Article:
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Designated crisis responders (DCR)
On April 1, 2018 designated mental health professionals (DMHPs) were renamed designated crisis responders (DCRs) if they have participated in the 16-hour DCR training and are a DMHP in good standing.
Why this change?
This change is in response to House Bill (HB) 1713 (2016) integrating substance use disorders (SUDs) into the detention criteria of the ITA. You will still be able to detain individuals for mental health disorders. The criteria for detention remains the same for both mental health and substance use disorders:
- Danger to self
- Danger to others
- Danger to other’s property
- Serious harm due to being Gravely Disabled
What is a DCR authorized to do?
Determine if the person presents a harm to self/others/property, or is gravely disabled and is at imminent risk, or if there is a nonemergent risk due to a substance use disorder or mental disorder, or is in need of assisted outpatient behavioral health treatment.
The DCR will conduct an evaluation and investigation:
Interviewing all reasonably available family, friends, or others.
Interview the person after informing them of their involuntary treatment rights.
Consider all available less restrictive treatment options.
Determine if the person meets criteria for involuntary treatment.
If the DCR finds the person meets the criteria for involuntary treatment, the DCR will work to find an available treatment bed.
If there is no available involuntary treatment bed, then the DCR will not detain the person.
If the person is detained and admitted to a secure withdrawal management and stabilization facility, the person will likely go to court at the end of 72 hours and the court will decide if the person meets criteria for a commitment order for up to 14 days of further treatment. During this time, the person will be introduced to substance use treatment.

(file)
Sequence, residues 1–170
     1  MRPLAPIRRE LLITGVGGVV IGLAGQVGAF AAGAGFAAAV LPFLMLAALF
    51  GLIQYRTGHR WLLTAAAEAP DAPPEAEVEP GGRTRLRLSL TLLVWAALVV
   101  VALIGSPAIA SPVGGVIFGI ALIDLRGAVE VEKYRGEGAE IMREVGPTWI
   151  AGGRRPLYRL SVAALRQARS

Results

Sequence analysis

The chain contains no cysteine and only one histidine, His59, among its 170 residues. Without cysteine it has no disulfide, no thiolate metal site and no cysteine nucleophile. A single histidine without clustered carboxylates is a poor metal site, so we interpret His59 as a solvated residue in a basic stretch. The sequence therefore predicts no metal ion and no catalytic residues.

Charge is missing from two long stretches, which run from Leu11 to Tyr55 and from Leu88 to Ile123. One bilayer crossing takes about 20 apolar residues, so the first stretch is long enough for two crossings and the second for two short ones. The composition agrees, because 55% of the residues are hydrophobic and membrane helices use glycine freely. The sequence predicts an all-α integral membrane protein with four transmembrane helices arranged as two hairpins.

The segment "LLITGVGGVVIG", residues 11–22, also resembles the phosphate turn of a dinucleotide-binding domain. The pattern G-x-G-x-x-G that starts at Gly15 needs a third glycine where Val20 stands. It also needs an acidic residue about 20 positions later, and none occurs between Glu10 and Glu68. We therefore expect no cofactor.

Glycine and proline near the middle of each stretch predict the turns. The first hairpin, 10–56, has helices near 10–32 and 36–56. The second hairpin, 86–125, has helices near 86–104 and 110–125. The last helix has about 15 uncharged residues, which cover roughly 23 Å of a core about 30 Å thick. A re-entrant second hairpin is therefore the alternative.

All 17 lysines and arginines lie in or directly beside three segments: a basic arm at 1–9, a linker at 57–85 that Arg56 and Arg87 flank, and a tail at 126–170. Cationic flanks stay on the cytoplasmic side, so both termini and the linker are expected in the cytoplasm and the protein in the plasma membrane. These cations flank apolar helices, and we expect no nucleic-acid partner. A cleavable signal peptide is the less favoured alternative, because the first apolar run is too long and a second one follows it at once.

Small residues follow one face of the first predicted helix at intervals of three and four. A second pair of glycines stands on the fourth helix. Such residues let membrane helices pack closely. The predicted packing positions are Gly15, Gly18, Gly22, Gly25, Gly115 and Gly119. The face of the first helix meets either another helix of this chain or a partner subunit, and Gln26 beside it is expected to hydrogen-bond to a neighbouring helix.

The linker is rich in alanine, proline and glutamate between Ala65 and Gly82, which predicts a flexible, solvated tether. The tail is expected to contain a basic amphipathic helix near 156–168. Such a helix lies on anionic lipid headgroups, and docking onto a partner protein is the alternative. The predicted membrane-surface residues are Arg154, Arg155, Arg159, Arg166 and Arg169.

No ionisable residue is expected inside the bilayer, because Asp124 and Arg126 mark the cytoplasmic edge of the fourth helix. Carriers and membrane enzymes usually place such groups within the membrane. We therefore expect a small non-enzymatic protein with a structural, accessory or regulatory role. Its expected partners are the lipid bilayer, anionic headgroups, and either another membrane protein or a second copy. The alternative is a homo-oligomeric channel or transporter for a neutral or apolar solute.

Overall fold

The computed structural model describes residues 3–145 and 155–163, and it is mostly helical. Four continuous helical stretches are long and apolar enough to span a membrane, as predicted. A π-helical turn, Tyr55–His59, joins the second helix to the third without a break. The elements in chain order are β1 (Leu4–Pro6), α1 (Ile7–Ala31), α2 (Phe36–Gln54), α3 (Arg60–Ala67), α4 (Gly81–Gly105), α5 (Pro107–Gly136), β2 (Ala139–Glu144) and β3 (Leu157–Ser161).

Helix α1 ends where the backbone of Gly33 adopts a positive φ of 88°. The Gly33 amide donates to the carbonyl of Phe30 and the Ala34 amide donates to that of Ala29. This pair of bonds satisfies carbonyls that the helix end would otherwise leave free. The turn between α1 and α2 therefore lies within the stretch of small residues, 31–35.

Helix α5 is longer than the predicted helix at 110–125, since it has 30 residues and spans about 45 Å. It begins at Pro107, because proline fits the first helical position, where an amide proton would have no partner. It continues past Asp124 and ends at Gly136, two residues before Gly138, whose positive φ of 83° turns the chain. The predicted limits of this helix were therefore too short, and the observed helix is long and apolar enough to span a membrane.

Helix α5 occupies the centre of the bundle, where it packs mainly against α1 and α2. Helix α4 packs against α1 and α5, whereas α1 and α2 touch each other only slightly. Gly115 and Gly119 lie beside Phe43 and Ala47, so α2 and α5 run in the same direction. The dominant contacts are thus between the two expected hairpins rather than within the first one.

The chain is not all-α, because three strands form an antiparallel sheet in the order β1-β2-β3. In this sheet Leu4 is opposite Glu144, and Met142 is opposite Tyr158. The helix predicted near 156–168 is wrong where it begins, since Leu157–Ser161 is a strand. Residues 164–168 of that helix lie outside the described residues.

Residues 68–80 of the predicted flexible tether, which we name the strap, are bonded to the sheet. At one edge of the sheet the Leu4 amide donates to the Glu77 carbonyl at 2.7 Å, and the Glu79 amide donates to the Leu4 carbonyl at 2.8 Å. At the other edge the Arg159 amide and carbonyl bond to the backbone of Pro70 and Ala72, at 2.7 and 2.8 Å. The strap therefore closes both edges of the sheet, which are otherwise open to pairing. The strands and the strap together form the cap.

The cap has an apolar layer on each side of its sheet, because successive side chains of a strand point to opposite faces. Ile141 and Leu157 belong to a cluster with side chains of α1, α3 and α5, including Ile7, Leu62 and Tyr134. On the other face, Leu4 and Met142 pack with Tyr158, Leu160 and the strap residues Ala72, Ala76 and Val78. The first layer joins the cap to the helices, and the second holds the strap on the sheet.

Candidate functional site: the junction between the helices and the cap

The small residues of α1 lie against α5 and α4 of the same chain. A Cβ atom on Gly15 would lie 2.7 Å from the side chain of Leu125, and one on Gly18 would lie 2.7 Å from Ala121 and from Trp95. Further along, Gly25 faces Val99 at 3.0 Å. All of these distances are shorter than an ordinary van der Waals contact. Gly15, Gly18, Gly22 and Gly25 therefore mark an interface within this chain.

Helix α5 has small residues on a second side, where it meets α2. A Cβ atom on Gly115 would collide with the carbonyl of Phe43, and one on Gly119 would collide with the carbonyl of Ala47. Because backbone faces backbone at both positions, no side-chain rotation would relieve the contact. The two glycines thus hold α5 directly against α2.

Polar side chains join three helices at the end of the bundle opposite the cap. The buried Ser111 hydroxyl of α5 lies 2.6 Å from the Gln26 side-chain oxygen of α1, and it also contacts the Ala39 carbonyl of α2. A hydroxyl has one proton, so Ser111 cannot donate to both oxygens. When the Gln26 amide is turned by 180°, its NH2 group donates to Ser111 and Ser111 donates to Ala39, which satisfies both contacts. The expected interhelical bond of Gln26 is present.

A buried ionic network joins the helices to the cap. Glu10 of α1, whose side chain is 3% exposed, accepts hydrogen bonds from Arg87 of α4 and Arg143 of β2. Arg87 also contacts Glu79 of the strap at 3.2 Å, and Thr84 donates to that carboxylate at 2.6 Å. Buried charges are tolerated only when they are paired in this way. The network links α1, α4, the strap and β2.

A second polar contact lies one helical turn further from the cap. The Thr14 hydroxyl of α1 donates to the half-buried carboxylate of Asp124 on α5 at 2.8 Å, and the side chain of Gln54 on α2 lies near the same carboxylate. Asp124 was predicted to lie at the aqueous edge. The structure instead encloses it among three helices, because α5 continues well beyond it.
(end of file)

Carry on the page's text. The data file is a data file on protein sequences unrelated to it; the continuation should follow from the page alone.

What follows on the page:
At the time of discharge from secure withdrawal management and stabilization, the person will be referred to the appropriate level of care such as intensive outpatient or residential treatment, which may be court ordered.
Model documents and forms for DMHPs/DCRs
The following model documents are available to assist you in your work. They were written and reviewed by experienced DMHPs and attorneys active in the ITA practice, and include many features to assist both DMHPs and persons in the judicial system.
Note: You are not required to use these model documents.
It is a good practice to have new documents that will be submitted to the courts reviewed by your legal representative.
- Family notification
- Final transportation authorization
- Petition for initial detention
- Petition for initial detention - nonemergency
- Petition for 90-day LRA for adult
- Petition for 180-day LRA for adult
- Petition for 180-day LRA for minor
- Petition for revocation
- Physician/mental health professional declaration
- Single bed certification reports and forms:
- Data dictionary for the single bed certification form
- Unavailable detention facilities report form
- Data dictionary for the unavailable detention facilities form
The DMHP/DCR protocols provide guidelines on the process for administering the ITA for: